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chapter four of six, how to get a business loan (debt)

Pricing and charging


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How do you walk the line between profitable for you and affordable for your clients? And how do you give your clients some certainty so that they can budget pretty accurately?

The importance of pricing

You have two levers to drive profitability – money in and money out. Money out (or expenses) is affected by many things like efficiency, marketing, technology, staffing and more. Money in is driven by the volume and value of work, which can both depend on pricing.

It goes without saying then, that pricing will have a big bearing on your revenue and profitability. It’s worth spending some time on it. Think about what you and your client need out of a pricing structure:

Bookkeeper

You – enough income to run the business and make your work financially rewarding.

Client

Client – a good return on investment (ROI) at an overall cost that will fit in their budget.

Pricing advantages for bookkeepers

Because there’s so much at stake, setting prices can be daunting. But as a bookkeeper, you have some advantages to keep in mind. 

You can deliver a lot of value
Small businesses often feel lost when it comes to bookkeeping, finance, tax and accounting. By taking away a lot of that anxiety, you deliver immediate relief. That initial perceived value might then plateau for a few months while you go about getting their books in order, but it will spike again when the first tax returns come due and the monthly reports start sinking in. If you can structure a deal that keeps clients onboard for a few months, they’ll really begin to see the ROI.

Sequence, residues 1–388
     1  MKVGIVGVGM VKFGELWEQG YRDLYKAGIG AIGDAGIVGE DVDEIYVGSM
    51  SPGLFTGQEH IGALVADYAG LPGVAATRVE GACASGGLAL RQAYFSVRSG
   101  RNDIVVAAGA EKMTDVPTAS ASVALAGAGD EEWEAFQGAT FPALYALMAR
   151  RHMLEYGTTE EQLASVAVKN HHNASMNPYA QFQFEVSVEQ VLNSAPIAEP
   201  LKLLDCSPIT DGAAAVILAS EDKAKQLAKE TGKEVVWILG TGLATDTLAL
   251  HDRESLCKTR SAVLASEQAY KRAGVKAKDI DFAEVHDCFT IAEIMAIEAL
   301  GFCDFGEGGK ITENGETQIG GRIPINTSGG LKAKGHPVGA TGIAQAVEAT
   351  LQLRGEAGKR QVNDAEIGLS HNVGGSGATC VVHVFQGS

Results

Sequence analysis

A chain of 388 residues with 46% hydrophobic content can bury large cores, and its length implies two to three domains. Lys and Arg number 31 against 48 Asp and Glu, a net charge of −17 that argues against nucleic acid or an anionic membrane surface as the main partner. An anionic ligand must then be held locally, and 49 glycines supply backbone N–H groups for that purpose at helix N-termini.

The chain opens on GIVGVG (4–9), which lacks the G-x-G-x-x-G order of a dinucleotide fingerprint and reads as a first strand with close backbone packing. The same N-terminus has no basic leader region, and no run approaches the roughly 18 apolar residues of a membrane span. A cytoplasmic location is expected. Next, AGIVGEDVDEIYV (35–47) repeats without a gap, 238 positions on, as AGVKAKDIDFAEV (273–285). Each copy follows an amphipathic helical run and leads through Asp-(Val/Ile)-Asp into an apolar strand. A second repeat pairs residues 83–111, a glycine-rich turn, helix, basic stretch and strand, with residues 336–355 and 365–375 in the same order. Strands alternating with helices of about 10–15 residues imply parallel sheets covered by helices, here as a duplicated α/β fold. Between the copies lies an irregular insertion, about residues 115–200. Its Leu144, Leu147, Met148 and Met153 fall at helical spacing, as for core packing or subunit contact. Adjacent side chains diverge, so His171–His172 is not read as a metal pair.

You can get really good at estimating work
Bookkeeping is cyclical. Some tasks come round monthly, others annually. That makes the workflow fairly predictable. Estimating work can become relatively straightforward based on the jobs your client wants done. As a result, you may be able to offer a flat fee for certain tasks, which clients love because it makes budgeting much easier for them. 

Affordability is at an all-time high
Technology can smooth away a lot of the data double-handling that traditionally made bookkeeping labour-intensive and expensive. You can now deliver a top-class service for a fraction of what it used to cost. That allows you to pitch a more affordable price while still generating a good margin. Consider using a job costing system so you can easily see profit margin or loss.

How bookkeepers charge

There are many models for charging clients but they essentially fall into three main categories.

Hourly

You charge a stated hourly rate until the work is complete.

Hourly Pros
Fixed price

You provide an upfront price for the services required.

Fixed pro
subscribe

You charge a fixed monthly fee for an agreed set of services.

What bookkeepers charge

Your market will have a big say in the price you can charge. Are your prospective clients price sensitive? How much do they value your services? And what else can they get for their money?

The fastest way to answer these questions is to check what other bookkeepers are charging. You’ll see a big range of course. But look for bookkeepers in your region, or serving your industry, or providing the same services as you.

You can do all of this on the Xero advisor directory.

More on pricing strategies

You can read more on pricing strategies in our guide to starting a business.


Chapter 7: Marketing your bookkeeping business

You’ve got your bookkeeping business set up but how do you get noticed? Learn how and where you can market your services.

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